2. Will an audience, having seen the film in 2- to 5-minute increments each week or fortnight, return for a full 2-hour engagement upon completion, or is the expectation to capture NEW audiences with the completed film, the “early adopters” having served as focus group and continuous funding source?

    It’s a very interesting idea, though. I’m particularly intrigued: what if the individual episodes, the standalone scenes being released on an on-going basis, are not entirely continuous within the finished work? They adhere to the same linearity and develop the same narrative and themes, but [inter]connective and framing elements are purposely left out so that the end result can still be surprising and reveal something new to audiences that have watched from the very beginning.

    /retreats to lab…

    • 1. I suppose the draw of features is that they tend to generate revenues for a lot longer than TV shows. While SpongeBob has been around for a decade already, it’s dependent on new episodes being made. A feature is generally a once-off that will be watched as long as people are interested in it.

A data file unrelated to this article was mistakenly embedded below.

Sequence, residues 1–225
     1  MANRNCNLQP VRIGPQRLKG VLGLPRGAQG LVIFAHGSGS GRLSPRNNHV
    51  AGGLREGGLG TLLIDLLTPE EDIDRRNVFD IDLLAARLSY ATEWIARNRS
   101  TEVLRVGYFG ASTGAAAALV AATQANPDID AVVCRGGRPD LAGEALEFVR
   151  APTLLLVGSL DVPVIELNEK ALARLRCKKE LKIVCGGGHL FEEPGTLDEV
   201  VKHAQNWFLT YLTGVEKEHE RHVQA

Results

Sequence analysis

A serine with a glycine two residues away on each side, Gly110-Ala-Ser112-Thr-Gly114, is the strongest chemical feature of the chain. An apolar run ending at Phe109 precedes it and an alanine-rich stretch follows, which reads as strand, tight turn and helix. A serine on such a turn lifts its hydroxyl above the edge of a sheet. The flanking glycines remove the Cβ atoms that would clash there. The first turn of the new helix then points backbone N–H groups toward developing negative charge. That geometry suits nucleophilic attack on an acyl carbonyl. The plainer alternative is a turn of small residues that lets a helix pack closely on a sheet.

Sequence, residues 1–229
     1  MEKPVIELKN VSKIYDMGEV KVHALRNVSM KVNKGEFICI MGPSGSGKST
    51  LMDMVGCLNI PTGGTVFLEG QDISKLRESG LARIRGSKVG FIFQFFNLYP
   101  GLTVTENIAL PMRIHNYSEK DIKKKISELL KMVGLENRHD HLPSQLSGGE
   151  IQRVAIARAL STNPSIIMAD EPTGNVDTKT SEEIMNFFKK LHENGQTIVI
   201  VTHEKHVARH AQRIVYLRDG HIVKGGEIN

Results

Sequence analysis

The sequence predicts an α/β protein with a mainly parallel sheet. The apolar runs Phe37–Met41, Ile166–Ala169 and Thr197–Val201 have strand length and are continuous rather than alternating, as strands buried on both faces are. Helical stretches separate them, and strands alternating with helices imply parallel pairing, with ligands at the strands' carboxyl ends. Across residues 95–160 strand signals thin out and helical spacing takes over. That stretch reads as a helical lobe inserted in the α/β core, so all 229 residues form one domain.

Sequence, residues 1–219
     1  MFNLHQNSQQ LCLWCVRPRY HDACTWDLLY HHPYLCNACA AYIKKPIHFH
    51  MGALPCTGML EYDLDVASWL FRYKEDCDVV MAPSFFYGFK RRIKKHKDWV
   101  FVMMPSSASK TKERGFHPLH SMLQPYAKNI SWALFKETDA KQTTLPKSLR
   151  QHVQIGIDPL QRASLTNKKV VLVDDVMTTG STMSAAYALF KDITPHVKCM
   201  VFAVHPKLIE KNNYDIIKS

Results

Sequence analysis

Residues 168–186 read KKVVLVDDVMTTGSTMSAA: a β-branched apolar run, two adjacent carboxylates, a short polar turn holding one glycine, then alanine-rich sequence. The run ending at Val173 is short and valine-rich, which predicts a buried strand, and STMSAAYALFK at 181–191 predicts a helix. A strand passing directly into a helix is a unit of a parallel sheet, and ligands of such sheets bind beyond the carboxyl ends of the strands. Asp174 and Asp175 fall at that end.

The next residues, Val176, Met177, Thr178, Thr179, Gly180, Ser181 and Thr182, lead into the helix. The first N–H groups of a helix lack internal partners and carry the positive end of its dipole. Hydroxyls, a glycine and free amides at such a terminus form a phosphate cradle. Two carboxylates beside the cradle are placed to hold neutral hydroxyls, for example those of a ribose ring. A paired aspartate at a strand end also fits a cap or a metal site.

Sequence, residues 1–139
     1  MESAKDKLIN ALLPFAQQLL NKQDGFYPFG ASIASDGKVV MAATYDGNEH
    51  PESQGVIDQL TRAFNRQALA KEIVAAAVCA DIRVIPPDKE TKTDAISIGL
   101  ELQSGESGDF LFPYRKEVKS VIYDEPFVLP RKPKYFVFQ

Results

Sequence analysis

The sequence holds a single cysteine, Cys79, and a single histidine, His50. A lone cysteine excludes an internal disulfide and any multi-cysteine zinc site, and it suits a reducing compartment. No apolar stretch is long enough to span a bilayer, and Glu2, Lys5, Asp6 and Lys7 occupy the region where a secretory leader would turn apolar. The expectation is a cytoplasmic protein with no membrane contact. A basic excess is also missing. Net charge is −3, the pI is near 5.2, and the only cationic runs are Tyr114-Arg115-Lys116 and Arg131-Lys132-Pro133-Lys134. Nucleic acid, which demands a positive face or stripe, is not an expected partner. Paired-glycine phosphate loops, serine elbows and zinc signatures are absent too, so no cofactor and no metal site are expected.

2. My gut feeling with that would be that they would. Plenty of people do it already with TV shows; rewatching one series before the new one premiers.

      Linearity, etc. was something I did consider. It is possible to intentionally leave out information that could be inserted in the completed film. It would not only change the narrative, but would also give people a reason to watch the whole thing even though they had seen all the pieces.

      • Good point, RE 1. Much higher risk of failure, but MUCH greater reward if successful.

        And an excellent point RE 2: I’ve often argued that the criticisms of Hollywood for being “out of ideas” every time it cranks out another remake or adaptation are somewhat hollow, given that retelling stories is what we do as a species.

        Thanks for the replies.